Anchor of strength

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By Swastika Mukherjee reveals father Santu has been her greatest support - through clear skies and rough weather AS TOLD TO ANINDITA MITRA
  • Published 11.11.06

Swastika Mukherjee is a presence that’s hard to miss. You just can’t go along any of Calcutta’s streets without her lovely face gazing back at you — be it from a billboard advertising a mobile phone or the latest film. Swastika is indeed one of the city’s favourite silver-screen divas. Her brush with celluloid came quite accidentally when Tanushree Shankar, from whom Swastika learnt dancing, wanted her to do a bit role in the film Hemanter Pakhi. Incidentally, Tanushree made that request first to Swastika’s father Santu Mukherjee who was also acting in the film. On a lark, Swastika decided to do the role. What followed was her first break in television in the serial Devdasi.

Swastika’s debut film, Mastan with Jeet as her co-star did well. She continued to make her way to the top in Tollywood with a steady string of releases. Though her last film Kraanti didn’t do as well in the box office, she is one busy actress with plenty of new projects in the kitty. In the pipeline are Shankar Ray’s Jeeban Sathi with Anubhav and Manas Basu’s Rudra with Jisshu. Sudip Guha’s Sangharsh will see her paired with Tollywood top gun Prasenjit. Bumbada, as she calls him, will also be starring with her in Swapan Saha’s Greptar. And lest you think she’s leaving anyone out — yes, Jeet is her co-actor in Prabhat Ray’s yet unnamed forthcoming film.

Swastika’s father, Santu Mukherjee has been a well-loved face on our small screen for a long time now. When mega-serials changed the telly-watching habits of Bengalis, he was the face associated with one of the longest running of them all — Janmabhoomi. He has received acclaim for his roles in television serials like Kokhono Megh Kokhono Brishti and Ekdin Protidin. When not blazing his trail on the small screen, Santu also dabbles quite a bit in Bengali theatre and his last play, Bhalobashi Tai was a power-packed act.


My father has always been a very even-tempered person and my mother, the polar opposite. She’s always tense. But with my father, the more the tension mounts, the cooler he becomes. As a kid I remember being slightly scared of him. Though fairly easy-going, there would be those rare days when he’d get angry and all hell would break loose. Actually, as a child, I received my fair share of spankings. And mind you, all thanks to my sister, Bubu. She would go on a rampage and then conveniently flee the scene when it was time for Dad to come home. Unfortunately, being the only one present, I’d have to face all the music. Of course, there were compensatory doses of pampering after the realisation sank in, but the damage would’ve already been done.

Now that we’ve grown up, Bubu and I share a cool and easygoing relationship with our father. He has even picked up quite a few words like ‘jhakkas’ and ‘bindaas’ from us, and tentatively uses these in conversation sometimes. I remember when I started out as an actress, I’d come home each day bristling with excitement at all the slang I had picked up at the studio. I’d do a due transference act on my father and get him to translate each swear word for us at the dinner table. Those were fun meals!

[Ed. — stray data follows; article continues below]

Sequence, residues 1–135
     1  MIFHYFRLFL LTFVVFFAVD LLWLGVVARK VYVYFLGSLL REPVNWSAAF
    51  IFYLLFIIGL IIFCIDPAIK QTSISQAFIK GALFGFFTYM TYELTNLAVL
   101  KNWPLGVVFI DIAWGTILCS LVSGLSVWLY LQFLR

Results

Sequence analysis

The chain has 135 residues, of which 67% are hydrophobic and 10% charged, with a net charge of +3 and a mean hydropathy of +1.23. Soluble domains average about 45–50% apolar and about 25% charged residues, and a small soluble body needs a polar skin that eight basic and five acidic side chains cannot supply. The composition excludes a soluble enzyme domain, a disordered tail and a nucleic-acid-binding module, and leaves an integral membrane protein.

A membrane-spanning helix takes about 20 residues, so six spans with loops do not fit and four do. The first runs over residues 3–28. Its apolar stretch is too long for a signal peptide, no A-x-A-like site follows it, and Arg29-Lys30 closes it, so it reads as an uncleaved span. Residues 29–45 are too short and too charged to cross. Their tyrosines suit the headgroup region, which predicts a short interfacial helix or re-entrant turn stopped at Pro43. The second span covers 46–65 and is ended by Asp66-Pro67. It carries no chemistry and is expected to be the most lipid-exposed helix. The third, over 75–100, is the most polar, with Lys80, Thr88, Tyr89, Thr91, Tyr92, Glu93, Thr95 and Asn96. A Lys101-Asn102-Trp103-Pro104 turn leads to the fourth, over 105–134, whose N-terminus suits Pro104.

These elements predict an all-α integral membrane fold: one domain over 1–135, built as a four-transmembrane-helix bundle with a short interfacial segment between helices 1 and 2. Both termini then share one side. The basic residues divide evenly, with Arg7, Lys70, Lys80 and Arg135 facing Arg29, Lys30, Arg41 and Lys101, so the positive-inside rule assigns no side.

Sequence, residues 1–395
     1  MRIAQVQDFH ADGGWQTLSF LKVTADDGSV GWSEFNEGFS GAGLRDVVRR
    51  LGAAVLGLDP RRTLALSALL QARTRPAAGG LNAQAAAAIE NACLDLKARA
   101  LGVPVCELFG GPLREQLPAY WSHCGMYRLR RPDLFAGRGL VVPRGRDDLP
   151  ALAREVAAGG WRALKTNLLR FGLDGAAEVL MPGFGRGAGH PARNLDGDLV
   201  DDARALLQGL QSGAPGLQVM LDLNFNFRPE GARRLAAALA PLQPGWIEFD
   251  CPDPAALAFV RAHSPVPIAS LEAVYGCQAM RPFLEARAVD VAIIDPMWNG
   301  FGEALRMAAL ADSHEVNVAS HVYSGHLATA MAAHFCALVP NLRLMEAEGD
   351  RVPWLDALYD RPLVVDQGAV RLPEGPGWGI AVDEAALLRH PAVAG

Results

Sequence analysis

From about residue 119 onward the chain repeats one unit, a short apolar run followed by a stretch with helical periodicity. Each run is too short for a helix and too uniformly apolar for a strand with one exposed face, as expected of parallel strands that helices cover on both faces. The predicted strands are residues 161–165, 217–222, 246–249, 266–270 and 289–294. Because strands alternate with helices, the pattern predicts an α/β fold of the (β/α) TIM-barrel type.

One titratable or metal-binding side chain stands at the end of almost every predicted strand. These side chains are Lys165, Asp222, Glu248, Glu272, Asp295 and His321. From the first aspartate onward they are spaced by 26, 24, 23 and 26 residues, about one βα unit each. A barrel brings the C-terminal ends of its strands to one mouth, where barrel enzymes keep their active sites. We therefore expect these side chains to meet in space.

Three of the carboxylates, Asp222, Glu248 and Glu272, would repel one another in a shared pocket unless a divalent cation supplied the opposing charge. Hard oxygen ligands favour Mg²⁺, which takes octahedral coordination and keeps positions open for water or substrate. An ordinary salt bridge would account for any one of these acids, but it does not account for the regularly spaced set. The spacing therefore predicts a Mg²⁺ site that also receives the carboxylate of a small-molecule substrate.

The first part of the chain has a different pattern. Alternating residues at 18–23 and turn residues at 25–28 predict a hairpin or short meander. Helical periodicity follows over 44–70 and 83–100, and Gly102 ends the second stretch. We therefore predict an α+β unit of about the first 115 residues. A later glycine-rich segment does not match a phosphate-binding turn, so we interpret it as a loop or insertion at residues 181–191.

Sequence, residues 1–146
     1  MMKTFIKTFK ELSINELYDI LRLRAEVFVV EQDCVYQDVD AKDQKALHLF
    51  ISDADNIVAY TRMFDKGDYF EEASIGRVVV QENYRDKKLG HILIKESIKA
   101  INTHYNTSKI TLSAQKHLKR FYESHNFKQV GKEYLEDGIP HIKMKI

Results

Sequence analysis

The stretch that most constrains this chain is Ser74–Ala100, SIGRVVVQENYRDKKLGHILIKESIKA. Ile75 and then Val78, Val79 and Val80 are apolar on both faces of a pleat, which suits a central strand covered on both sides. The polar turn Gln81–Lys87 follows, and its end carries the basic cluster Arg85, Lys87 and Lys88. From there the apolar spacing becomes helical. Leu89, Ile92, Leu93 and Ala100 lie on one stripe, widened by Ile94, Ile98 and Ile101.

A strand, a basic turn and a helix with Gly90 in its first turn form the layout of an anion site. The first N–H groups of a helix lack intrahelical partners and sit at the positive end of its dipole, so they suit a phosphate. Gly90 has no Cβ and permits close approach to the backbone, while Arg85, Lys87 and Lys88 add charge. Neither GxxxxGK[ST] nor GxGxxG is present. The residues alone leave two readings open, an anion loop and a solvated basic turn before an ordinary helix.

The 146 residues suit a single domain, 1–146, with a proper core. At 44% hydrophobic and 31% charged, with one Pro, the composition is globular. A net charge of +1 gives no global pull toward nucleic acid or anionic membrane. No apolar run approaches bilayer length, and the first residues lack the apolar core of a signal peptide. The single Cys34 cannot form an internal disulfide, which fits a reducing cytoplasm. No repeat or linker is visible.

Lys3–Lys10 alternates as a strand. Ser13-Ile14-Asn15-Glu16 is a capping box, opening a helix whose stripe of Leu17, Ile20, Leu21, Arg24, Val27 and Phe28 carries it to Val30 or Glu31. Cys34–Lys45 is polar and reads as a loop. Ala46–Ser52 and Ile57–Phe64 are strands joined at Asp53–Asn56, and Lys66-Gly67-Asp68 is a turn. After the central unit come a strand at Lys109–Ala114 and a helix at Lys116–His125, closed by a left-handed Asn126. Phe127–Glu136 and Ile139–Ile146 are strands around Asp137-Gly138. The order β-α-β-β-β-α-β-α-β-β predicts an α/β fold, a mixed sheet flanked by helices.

My father has been a great source of support and sustenance for me. In fact, as a working parent, I’d probably not be able to manage my career this well, had it not been for the unstinting support of my family. And I’m amazed to see the extent to which he pampers my daughter, Anwesha. She gets away with things that my sister or I wouldn’t even have thought of in our wildest dreams. He is her greatest confidante as well. But then again, that’s to be expected. Bubu and I share a wonderful, open relationship with my father. We tell him everything without inhibition. I can say without a shred of hesitation that my father has always been my strongest source of confidence. It’s only natural that Anwesha has also imbibed that.


Swastika is my first-born child. Unlike my younger daughter, she never gave me a day’s trouble. But as it usually happens with the first child, I was a nervous parent. I used to worry about the slightest of fever and crying bouts. Naively enough, I thought I’d stop worrying once she grew older. But what goes unwritten in the parenting book is the fact that as a father, you can never really let go. As a matter of fact, as I age and see my daughters growing, I tend to worry more about them.

Swastika was always a good kid. She was soft-spoken, well behaved and very good at studies as well. She was also very responsible towards her younger sister and many a time even faced the flak for Bubu’s misdeeds. It was a matter of great grief to me that my little girl has had to go through traumatic upheavals in her life like separating from her husband, for no fault of her own. But I grew to respect her strength that unexpectedly showed itself during those trying times. Swastika kept a cool head, finished her studies and went on to build a career for herself — something I’m very proud of even though it had very little to do with me.

Speaking of her profession, she is gradually finding a foothold in the industry and often jokes that we are her greatest critics. But she has that drive in her, partly an offshoot of her sense of responsibility as a parent herself. But what has made me most proud is the fact that she did it all on her own. It was her decision to take up this career and beyond supporting her choice, we had nothing to do with it. She is where she is in her career today because of her own hard work. Swastika has indeed made me a proud parent.

Photograph by Bishwarup Dutta